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King Prempeh 1
Royal Resistance

The colonisation of Africa by European powers provoked an enormous amount of resistance from different quarters - both rulers and people - all over the continent. Conflict and frustration was sparked off as African rulers tried to retain or even increase power while acquiring European support to fight their enemies.

TRADE
The colonial powers, in turn, took advantage of this to increase their spheres of influence. By the 1880's one of the main points of contention was trade, as African rulers tried to hang on to their monopolies and right to impose tariffs, and Europeans pressed for free trade, which put the new big trading houses in Europe at an advantage.

A number of rulers were not prepared to compromise with European powers. Sometimes this ended in humiliation, as was the case with the Asante. For the Baganda under Mwanga it was a time of total confusion as he changed sides constantly. For the neighbouring Bunyoro, resistance proved useless. For the Ethiopians resisting the Italians ended in a resounding success. Emperor Menelik defeated the Italians at the battle of Adowa.

Listen HereListen to Professor Bahru Zewde, Addis Ababa University, describing the Battle of Adowa


Kings in exileHUMILIATION
The Asante (in modern Ghana) came into conflict initially over the question of slave owning. Kumasi was ransacked by the British in 1874 and the Asantehene (King Prempeh) was fined.

Listen to a British Officer's description of Prempeh I

In 1895 the new Colonial Secretary, Joseph Chamberlain, began to pursue an aggressive colonial policy, based on enforced submission and humiliation. In 1896, the Asantehene was forced into exile in the Seychelles via Sierra Leone and the Asanti fell under the authority of the Governor in Accra.

There followed a full-scale military revolt, led by the indefatigable Yaa Asantewa (Queen Mother ). This culminated in the Governor being besieged in Kumasi. Yaa Asantewa was only defeated by a British expeditionary force in July 1900. In 1901, Asante was annexed by the British.

CONFUSION
Mwanga Kabaka (the king) of the Baganda was deeply suspicious of the British; he ordered the murder of the Anglican Bishop Hannington and had thirty pages in his court put to death because they had learnt to read. His policy towards Christians, both Catholic and Protestant, and Muslim emissaries fluctuated. Factions sprang up among the Baganda chiefs, and Mwanga fled from his kingdom. He later returned to his throne with a wide range of foreigners in tow: British Missionaries, French priests, Swahili traders, German adventurers, even an Irish trader in German uniform (Charles Stokes) - all hoping for a profitable agreement.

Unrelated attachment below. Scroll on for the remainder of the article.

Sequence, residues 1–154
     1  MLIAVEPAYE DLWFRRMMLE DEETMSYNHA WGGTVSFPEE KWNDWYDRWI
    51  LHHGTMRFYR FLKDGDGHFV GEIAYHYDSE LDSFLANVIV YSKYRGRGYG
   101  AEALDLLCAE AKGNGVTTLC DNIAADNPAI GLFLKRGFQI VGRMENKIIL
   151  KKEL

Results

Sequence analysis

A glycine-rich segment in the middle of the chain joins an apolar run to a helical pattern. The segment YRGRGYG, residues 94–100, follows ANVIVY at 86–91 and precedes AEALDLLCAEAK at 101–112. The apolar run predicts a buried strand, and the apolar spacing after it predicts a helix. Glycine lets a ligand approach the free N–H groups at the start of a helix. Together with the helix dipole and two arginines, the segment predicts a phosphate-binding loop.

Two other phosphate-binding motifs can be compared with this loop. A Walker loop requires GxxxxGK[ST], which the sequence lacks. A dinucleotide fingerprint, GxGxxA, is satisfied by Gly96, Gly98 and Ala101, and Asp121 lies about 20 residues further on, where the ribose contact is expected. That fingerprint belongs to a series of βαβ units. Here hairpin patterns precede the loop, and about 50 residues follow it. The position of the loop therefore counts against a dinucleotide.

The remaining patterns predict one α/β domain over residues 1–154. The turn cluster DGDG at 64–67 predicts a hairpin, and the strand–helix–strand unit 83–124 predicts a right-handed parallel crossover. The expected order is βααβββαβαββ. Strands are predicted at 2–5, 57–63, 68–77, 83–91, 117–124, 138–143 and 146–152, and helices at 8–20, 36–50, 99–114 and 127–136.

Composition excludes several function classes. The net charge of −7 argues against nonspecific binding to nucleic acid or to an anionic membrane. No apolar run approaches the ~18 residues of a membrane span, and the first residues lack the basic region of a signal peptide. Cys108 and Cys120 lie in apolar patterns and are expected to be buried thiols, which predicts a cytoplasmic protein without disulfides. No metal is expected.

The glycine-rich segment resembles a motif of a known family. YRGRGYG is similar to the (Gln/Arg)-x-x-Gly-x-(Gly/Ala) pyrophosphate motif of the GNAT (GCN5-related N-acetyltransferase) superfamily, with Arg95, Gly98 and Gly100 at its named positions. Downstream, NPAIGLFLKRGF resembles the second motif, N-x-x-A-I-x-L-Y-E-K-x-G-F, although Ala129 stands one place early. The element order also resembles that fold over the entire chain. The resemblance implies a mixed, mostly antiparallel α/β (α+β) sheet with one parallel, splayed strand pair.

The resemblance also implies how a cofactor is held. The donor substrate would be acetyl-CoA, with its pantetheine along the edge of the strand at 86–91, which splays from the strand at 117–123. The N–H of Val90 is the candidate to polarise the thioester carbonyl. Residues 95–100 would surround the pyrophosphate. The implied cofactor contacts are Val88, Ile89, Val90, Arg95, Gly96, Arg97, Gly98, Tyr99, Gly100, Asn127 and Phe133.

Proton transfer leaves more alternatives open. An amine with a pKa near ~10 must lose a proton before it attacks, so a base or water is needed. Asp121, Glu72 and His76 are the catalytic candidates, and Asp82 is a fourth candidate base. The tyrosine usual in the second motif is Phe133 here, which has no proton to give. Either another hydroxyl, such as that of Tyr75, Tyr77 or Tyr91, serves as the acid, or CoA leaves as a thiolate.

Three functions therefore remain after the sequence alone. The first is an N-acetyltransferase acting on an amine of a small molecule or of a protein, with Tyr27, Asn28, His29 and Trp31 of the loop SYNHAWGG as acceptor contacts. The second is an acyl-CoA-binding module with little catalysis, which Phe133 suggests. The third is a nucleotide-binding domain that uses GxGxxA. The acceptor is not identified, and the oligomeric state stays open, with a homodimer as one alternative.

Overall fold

Finally Buganda was made a Protectorate in 1894. Already under suspicion of planning a rebellion against the British, Mwanga decided to throw in his lot with his neighbour, the King of the Bunyoro (the Kabarega). Both kings were captured and sent into exile in 1899.

Now there were three African kings in the Seychelles under order of the British. The Kabarega of the Bunyoro returned to his homeland in 1923. King Prempeh did not return to his homeland until 1924. Kabaka Mwanga died in the Seychelles in 1903.

TRIUMPH
The ill-prepared Italian attempt at colonisation of Ethiopia (Abyssinia as it was known then) ended in a resounding defeat for Italy in 1896 at the battle of Adowa. The Italians lost of 7,000 troops. Ethiopia lost 6,000. In October Emperor Menelik had the satisfaction of witnessing Italy recognise "absolutely and without reserve the independence of the Ethiopian Empire" in the Treaty of Addis Ababa.

The news was greeted with rejoicing in St. Petersburg - Russia and Ethiopia enjoyed a special relationship because each had an Orthodox Church. Under Emperor Menelik's rule Ethiopia experienced unprecedented modernisation and economic growth. Foreigners were welcomed for their expertise.